Playing infield at the high school level is more than the “triangle”, the “alligator”, and the “funnel” to your belly button. Hitters get down the line faster and you have to cover more ground because you are playing on a pro-sized field. At the high school level, you must field the ball cleaner, and get rid of it faster. Here’s a quick review of how to field at the pro level.
Pitchers at the high school level should have good enough control to know where the pitch is going. While the pitcher and catcher are agreeing on the pitch and location, you can start to think about probabilities and adjusting where you stand. Inside pitches should be pulled and outside pitches should be hit the opposite way. Start to shade, which means one to three steps left or right, when you have confidence that your pitcher is hitting his spots.
Start your feet moving as the pitcher is about to release the ball. The prep step keeps you on your toes. You may have learned that most movements in sport are faster and smoother when the athlete has the opportunity to move before the major movement. Pitchers wind-up, hitters load, and fielders should take a small step with each foot so that they are on the ball of the foot when the pitch enters the hitting zone.
The most fundamentally sound method for actually fielding a ground ball is to have your glove touch the ground on every opportunity. Seems simple, but most young fielders never put their glove flat. You will see many fielders stab at the ball with their gloves perpendicular to the ground, or they put their glove down at the last possible second. The rule is that if you have stopped charging the ball, or moving laterally, put your glove flat on the ground. Starting from the ground, and coming up if necessary, will make you surer-handed as you field most ground balls between the ground and the bottom of your knee. The next step to becoming a stronger fielder is to keep your feet moving while you field the ball. You may have heard your coach explain this as “fielding through the ground ball.” Shortstops must learn this skill. To keep your feet moving, while also having your glove flat on the ground, you must make sure that your glove is extended (going back to the basics you learned when you first started fielding grounders at the top of the triangle). If you field too close to your body, you risk getting your hands tangled in your feet. When you field through the ball, the motion looks fluid. You charge the ball, your glove hits the ground, your feet keep moving toward first base, your glove’s out in front, and you throw. This can be helpful for second and third baseman as well but not necessary. A third baseman usually doesn’t have time to charge, whereas a second baseman has a little more time than a shortstop to make the throw. The best way to practice this skill is to throw a ball against a wall and work on your footwork. Stand back far enough so that you have some space to set up your feet. The drill is not a race or a reaction drill. The drill is meant for you to simulate a routine ground ball hit to you from about the same distance from home to your infield position. You may also work on going to your right or left.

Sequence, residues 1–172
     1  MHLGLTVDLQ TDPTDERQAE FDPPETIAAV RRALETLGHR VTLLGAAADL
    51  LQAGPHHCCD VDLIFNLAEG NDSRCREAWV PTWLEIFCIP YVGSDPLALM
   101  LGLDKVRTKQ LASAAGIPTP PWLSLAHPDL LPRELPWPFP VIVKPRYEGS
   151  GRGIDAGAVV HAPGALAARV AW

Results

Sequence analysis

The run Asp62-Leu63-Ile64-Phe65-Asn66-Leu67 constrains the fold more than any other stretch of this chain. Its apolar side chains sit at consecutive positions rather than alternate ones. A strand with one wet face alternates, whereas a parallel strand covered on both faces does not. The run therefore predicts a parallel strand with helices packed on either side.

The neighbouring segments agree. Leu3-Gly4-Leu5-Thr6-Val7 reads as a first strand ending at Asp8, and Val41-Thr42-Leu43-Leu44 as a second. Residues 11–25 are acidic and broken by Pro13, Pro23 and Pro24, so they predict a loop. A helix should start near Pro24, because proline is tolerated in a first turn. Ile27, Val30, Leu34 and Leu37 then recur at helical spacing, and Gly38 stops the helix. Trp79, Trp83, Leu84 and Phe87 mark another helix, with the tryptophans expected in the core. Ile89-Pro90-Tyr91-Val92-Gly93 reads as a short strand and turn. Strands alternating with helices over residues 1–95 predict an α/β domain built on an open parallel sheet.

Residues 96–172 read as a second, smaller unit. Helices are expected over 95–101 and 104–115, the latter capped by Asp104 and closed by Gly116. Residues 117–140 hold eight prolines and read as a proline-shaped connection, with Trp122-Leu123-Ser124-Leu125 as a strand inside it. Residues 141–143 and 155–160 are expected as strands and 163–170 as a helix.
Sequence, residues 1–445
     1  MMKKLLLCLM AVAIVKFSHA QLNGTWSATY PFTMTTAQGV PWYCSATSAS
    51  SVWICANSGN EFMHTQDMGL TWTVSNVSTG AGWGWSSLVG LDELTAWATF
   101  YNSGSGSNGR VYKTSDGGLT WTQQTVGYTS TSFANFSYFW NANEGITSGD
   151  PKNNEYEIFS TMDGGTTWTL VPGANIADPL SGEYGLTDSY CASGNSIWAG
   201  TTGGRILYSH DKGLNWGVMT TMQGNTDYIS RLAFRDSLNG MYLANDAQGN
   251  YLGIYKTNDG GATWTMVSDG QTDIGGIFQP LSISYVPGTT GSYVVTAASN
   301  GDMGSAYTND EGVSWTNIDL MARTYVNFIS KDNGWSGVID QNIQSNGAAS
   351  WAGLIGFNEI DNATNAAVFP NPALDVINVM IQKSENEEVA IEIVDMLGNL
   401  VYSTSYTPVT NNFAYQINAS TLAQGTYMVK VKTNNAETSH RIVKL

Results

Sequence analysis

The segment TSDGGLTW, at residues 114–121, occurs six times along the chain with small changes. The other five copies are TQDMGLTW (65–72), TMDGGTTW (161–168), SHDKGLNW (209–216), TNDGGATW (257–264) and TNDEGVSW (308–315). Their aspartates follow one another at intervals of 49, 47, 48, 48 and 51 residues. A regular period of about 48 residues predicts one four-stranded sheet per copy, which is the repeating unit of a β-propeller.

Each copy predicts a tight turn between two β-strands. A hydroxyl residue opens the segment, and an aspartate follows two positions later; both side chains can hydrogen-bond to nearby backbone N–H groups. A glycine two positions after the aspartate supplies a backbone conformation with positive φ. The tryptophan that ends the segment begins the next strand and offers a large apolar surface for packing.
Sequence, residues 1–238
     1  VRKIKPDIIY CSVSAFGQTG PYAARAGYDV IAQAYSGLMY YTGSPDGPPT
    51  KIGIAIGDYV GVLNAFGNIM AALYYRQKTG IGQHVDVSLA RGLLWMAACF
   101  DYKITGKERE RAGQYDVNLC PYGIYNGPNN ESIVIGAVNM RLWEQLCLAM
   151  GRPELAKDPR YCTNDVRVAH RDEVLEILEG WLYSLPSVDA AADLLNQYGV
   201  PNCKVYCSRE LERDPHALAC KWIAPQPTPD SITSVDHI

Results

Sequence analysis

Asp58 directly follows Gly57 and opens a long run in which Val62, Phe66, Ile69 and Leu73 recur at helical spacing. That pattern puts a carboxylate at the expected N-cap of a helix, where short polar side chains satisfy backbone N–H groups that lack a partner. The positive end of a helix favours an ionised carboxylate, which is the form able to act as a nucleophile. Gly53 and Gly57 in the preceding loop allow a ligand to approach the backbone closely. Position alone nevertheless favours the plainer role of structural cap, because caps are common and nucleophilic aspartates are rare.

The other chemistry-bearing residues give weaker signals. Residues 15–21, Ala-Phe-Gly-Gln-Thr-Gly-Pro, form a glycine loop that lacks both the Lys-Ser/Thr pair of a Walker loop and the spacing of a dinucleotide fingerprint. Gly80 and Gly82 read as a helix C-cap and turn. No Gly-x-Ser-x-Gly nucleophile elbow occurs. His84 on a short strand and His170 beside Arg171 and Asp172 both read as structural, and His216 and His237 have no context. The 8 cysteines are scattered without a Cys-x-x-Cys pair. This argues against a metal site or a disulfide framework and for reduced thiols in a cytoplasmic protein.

Pulling the ball out of the glove with a four-seam grip is the next skill to master. You can practice this while watching TV. Throw the ball in the glove, finding the four-seam grip without looking, and then pop it into the glove for another rep. This is the best way to quicken your release.
Pro fielders move faster and smoother. Simply fielding the ball cleanly no longer suffices at this level. You have to quicken your fielding skills to keep up with the faster base runner. The alternative? Move to the outfield.
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